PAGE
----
Winter is well on its way, and as much as the outdoors might not be terribly inviting right now, there are a few gardening tips to keep in mind that will help your greenery survive the season, and flourish in spring.
Plus, looking after your landscaping now will make for some gorgeous garden images in spring in summer, should you be looking to sell your property any time soon.
So pull on a raincoat, get the kettle ready for a hot cuppa once you’re done, and get outdoors to try these gardening tips this winter!
1. Now is the time to prune
Pruning is always a deeply satisfying job, and winter is the time to do it. It’s also so easy that it’s practically gardening for beginners 101, so it’s a good place to start if you’re still working on your green thumb.
Be brutal - aim to cut back plants to the bare minimum of just three or four main stems. This will help you to rearrange the shape, and to encourage vigorous growth come spring.
The only areas you should leave alone are any shrubs or trees that flower in spring. If you prune them now, you might cut off all the buds! Instead, wait until they have started flowering to trim these trees.
2. Aerate your lawn
Fortunately, looking after the lawn is fairly easy through winter.
The main tip is to aerate the soil to allow the moisture to truly soak through, rather than puddling on top. A garden fork is the simplest tool for the job, but you can use a powered aerator (or hire one) if you have access to this tech. There are plenty of DIY videos on how to do this online if you need a quick introduction.
Be sure to follow up with some fertiliser in spring and you’ll be ready for picnics on the lawn in no time.
3. Don’t stop planting
Just because it’s cooler and wetter doesn’t mean you have to stop planting; there are plenty of varieties that take well to this kind of climate.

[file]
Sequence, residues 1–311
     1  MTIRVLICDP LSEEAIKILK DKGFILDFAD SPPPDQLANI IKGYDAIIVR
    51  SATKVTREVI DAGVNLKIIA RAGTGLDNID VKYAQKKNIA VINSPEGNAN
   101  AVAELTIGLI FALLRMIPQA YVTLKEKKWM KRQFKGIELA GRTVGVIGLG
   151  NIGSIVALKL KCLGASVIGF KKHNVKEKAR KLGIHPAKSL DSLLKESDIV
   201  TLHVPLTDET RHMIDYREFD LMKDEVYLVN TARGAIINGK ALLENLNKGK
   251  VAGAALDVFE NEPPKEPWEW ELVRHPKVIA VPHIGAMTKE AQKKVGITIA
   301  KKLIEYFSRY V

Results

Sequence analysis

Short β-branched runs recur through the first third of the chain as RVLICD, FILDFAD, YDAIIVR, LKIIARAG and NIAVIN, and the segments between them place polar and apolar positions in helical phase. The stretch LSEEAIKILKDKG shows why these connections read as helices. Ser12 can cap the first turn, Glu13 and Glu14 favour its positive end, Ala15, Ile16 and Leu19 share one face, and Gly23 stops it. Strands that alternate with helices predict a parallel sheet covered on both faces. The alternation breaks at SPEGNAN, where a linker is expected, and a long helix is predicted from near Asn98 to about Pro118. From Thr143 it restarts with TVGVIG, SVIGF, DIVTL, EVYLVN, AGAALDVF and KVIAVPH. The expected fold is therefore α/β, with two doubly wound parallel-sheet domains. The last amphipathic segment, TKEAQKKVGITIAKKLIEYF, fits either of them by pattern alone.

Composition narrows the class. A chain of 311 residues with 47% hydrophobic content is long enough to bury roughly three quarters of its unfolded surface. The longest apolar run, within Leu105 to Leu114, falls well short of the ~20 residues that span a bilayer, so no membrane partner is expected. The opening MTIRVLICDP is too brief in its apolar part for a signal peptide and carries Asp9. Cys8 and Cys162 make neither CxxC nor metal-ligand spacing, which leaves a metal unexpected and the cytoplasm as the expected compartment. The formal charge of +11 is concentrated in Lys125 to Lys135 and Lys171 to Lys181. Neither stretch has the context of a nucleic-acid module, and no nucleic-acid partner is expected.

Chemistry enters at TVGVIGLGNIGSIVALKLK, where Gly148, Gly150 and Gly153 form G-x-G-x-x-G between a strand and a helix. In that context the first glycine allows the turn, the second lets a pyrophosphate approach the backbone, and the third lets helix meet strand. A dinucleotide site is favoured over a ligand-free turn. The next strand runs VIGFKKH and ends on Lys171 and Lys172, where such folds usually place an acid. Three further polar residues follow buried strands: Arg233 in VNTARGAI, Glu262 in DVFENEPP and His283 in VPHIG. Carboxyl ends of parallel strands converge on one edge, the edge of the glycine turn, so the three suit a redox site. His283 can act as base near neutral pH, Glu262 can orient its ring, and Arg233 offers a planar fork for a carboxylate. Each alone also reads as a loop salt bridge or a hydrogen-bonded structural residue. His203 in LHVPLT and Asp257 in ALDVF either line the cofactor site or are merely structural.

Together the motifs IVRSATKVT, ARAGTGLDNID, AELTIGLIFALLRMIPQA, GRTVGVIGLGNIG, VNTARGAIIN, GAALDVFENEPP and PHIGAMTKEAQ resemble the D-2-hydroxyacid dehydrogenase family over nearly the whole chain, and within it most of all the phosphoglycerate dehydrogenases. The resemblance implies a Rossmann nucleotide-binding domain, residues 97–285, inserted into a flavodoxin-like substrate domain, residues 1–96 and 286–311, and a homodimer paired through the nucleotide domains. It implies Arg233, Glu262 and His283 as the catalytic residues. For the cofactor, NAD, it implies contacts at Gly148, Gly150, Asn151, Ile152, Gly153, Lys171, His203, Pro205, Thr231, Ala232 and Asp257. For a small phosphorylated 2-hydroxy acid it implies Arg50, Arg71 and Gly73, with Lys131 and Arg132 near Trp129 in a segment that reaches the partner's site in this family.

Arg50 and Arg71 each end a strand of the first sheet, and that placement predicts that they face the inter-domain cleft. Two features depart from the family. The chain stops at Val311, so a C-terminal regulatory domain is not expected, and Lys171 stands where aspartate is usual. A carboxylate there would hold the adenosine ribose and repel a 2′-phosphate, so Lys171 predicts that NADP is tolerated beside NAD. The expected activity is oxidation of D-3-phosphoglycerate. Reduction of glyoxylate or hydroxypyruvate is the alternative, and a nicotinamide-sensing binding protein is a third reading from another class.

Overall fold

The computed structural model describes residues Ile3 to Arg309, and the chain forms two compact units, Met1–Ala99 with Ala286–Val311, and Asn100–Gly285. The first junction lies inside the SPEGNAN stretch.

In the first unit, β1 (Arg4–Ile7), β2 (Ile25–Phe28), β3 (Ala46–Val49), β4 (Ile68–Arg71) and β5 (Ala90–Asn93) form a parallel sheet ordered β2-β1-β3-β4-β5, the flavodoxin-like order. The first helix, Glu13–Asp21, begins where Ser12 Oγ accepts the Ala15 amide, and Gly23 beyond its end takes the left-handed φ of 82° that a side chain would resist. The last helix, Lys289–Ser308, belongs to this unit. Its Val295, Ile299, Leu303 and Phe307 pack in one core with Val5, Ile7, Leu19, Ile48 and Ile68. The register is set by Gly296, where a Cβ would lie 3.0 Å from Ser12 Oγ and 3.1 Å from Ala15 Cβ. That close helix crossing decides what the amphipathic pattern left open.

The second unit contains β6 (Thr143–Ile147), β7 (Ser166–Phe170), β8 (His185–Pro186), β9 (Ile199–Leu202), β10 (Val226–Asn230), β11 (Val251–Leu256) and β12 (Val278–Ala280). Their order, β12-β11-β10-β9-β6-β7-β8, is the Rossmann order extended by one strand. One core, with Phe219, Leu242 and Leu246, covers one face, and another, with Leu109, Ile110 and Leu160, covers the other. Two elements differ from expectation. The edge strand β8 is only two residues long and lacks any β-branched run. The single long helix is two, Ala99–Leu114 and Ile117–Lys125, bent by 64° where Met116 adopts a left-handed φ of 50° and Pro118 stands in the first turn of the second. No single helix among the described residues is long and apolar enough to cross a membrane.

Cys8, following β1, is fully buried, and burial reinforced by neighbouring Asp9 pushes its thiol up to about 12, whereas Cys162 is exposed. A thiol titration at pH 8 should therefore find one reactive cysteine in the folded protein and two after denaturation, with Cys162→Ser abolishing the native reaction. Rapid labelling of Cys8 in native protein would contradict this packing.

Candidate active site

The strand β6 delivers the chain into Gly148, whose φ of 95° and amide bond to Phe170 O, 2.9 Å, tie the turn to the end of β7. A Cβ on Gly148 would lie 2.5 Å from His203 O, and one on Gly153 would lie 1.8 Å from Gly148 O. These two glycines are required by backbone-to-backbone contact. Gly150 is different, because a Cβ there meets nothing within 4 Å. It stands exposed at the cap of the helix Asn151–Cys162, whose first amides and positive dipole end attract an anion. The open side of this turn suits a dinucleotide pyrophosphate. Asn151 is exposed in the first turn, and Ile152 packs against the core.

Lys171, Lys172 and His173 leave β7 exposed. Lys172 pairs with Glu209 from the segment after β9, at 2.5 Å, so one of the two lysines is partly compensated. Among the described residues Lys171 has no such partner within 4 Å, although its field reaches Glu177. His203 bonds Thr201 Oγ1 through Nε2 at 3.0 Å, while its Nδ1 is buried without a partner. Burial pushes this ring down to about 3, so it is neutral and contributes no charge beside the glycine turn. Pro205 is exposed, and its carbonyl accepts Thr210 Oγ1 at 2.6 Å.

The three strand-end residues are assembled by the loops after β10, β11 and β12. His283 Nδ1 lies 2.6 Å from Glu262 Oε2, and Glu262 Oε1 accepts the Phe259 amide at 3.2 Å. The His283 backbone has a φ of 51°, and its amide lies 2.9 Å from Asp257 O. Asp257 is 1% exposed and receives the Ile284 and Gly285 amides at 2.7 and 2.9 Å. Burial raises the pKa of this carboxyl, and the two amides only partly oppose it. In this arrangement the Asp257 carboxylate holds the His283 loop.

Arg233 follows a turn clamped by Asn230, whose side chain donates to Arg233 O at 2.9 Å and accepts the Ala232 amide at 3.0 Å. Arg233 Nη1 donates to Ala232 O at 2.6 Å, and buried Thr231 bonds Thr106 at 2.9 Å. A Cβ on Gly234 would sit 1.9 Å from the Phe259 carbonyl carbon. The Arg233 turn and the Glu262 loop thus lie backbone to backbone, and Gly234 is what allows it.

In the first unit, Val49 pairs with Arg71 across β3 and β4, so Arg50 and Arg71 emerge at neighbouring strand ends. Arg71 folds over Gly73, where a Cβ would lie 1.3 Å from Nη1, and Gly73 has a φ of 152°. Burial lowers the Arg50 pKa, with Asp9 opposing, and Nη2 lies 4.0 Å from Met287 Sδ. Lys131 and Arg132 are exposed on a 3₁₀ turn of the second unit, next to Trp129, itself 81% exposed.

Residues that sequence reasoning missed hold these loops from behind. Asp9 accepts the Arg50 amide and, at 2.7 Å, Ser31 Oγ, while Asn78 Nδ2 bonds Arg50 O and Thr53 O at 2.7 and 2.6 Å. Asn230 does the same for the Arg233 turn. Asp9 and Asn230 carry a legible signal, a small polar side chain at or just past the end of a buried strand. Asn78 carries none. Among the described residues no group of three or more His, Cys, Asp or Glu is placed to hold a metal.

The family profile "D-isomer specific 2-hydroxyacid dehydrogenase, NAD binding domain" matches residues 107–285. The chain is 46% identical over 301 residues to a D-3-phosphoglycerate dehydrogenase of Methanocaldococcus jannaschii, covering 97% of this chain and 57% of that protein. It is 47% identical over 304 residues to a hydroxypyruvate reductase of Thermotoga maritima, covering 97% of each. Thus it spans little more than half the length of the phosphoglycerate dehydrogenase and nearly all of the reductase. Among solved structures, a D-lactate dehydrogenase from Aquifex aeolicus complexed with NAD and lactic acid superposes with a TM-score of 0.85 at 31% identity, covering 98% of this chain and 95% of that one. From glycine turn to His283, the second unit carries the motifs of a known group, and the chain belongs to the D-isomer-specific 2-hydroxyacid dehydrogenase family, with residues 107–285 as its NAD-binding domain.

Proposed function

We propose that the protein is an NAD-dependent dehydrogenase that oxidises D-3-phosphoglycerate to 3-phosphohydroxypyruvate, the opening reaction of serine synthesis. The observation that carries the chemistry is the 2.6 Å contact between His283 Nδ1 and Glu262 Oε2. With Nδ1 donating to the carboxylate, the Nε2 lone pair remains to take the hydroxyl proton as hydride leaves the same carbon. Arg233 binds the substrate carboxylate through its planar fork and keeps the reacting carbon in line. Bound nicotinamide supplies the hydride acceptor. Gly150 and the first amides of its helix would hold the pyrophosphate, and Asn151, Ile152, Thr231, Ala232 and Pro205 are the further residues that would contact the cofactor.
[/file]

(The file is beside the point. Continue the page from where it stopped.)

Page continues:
In the veggie patch, plant carrots, peas, and English spinach. These vegetables tend to do well in Australian winters, but be sure to check at your local garden centre to see which varieties are best for your specific region.
You can also plant deciduous trees and shrubs!
4. Prepare the soil for spring
Get one step ahead on your spring gardening by giving your soil some TLC over winter.
Pull out any weeds and cut back on invasive plants now while they are growing more slowly. You can also dig compost and manure into the soil to make sure it is well aerated and full of nutrients for when your spring plants go in.
5. Don’t stop fertilising
Winter is a time when garden growth slows to a crawl, but you should still provide your existing plants with the occasional ‘meal’ to keep them healthy and strong.
As a rule of thumb, you can use fertiliser at roughly half the rate you usually would. By giving your plants more than they need, you’ll simply waste the fertiliser, and in some cases, excess nitrogen can weaken the plants and cause issues such as mould.
You can continue to fertilise your flowering plants and vegetables through winter, however it is best to switch to a product with lower levels of nitrogen at this time of year.